We meant to have said more: but the very act of transcribing this last page, has made us feel that it is unnecessary. We understand that abridgements of this book have appeared ; and from hands eminently pious and orthodox. We are sorry for it, These abridgements may lead to a perusal of the original work; than which, there are very few books that we would not sooner put into the hands of the young. No doubt, there is much fine writing, and great originality of thought: but is it not deplorable that volumes of the most rich, sound, scriptural divinity, from the pens of our own reformers, and deeply experienced theologians, should be thrust into obscure corners, or thrown upon book stalls, while an inundation of crude, and often, heterodox notions, from distant lands is received, embraced, embellished, recommended, and lodged on the worktable of almost every Christian lady? Mr. Abbott has devoted a chapter to expatiating on the dramatic beauty of the narrative which represents the trial and crucifixion of our Lord. He brings out, in scenic arrangement, and in dialogue altered to something

more

dramatically’ picturesque, that awful spectacle. We read it, and trembled as we read, and would have cast it from us, but for the solemn, the imperative duty that devolves upon us ; in pursuance of which, we distinctly tell our beloved countrywomen, that if they persist in encouraging such works, they will do more to corrupt the national faith, and to undermine its most sacred institutions, than all the open enemies who are coming in like a flood. Against them the Spirit of the Lord will lift up a standard : but if our hands rend that standard to pieces, what is to replace it?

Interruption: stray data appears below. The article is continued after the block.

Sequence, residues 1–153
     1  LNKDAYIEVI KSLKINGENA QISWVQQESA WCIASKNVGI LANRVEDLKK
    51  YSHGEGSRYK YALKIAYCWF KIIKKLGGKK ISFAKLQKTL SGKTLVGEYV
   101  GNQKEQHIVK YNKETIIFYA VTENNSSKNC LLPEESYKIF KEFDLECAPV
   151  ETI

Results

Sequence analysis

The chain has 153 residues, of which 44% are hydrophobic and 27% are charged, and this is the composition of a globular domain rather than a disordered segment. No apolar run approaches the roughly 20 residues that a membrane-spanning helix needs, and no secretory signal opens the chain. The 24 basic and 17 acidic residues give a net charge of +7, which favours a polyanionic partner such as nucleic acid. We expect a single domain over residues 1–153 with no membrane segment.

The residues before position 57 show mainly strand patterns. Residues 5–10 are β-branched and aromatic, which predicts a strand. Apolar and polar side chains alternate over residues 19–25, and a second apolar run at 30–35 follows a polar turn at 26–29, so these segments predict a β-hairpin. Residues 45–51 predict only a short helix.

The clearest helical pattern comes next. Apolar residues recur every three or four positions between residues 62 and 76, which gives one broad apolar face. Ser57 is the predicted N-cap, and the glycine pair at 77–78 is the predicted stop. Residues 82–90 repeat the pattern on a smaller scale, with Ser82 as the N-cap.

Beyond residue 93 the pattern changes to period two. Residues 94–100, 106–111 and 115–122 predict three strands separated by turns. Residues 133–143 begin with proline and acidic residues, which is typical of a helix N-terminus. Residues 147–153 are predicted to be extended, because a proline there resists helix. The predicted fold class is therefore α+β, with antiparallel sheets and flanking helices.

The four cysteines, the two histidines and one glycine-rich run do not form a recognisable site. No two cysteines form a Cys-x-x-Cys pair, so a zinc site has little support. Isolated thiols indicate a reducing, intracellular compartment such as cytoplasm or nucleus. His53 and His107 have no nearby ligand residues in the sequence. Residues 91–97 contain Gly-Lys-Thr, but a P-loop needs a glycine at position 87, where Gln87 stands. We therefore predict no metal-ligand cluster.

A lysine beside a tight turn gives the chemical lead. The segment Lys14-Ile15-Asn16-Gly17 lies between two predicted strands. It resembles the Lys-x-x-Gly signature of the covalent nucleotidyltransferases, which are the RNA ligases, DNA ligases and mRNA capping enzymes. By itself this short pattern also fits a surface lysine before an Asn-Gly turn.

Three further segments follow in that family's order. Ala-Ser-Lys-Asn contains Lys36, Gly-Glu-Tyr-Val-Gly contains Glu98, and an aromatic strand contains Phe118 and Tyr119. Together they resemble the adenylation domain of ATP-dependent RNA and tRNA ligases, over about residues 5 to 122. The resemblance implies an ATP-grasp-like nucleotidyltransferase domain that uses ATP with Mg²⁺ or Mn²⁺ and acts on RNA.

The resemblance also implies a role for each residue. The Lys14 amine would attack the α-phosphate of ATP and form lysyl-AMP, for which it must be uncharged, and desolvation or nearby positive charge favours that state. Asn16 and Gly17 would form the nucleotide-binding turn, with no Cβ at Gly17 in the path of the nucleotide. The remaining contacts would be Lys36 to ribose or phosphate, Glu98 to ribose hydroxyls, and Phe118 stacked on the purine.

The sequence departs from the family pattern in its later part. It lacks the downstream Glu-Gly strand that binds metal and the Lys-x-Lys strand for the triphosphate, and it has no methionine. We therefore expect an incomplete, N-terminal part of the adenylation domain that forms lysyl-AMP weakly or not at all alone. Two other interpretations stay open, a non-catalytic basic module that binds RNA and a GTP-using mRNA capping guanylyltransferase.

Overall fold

THE CHRISTIAN KEEPSAKE AND MISSIONARY ANNUAL. 1835. Edited by the Rev. W. Ellis. Fisher.

We ought sooner to have noticed this pleasing volume, which contains some very interesting pieces, both in prose and verse. Compared with the other publications, that, under the title of annuals, multiply so rapidly upon us, the Missionary Keepsake has a fair claim to Christian patronage. There is nothing very brilliant in the collection; nor indeed can we reasonably expect it; looking for something better than mere brilliancy. We hope that it will be so received, as to encourage a continuance of the work, and bring more labourers to improve it. We are disposed to apply to things of this kind, a rough, but striking remark of John Wesley on Psalmody,

I see no reason why the devil should be allowed to have all the best tunes to himself.'

POLITICS.

' How spruce you are grown of late, uncle! You wear your Sunday hat every day; your coat is brushed to a nicety: your silver knee-buckles, which I have not seen for years, are now always displayed ; and I don't think you have walked out, any morning, this last fortnight, without a sprig of some nice shrub in your button-hole. I am afraid you go courting—is it so?'

The old gentleman smiled, with that peculiar expression of contentment which has latterly beamed from all his features. He knew that I was well aware of its real source, and took my banter in good part. Those of my readers, whose politics square with my dear uncle's, will sympathise in his present satisfaction; those who differ, will kindly excuse it: and those ladies, who would not for the world be supposed to know any thing of the matter, can easily omit the few pages devoted to a subject that will yet, ere long, force itself upon every class in the British dominions.

Last month it was my uncle's part to apprize me of the calamity which laid our senate-houses in ruins. A different task devolved on me, just four weeks and a half after. The good man had a severe cold, and was seated before my study fire, his legs reclined on a cushion, while he pensively pondered on a small penny periodical, which his beloved Lord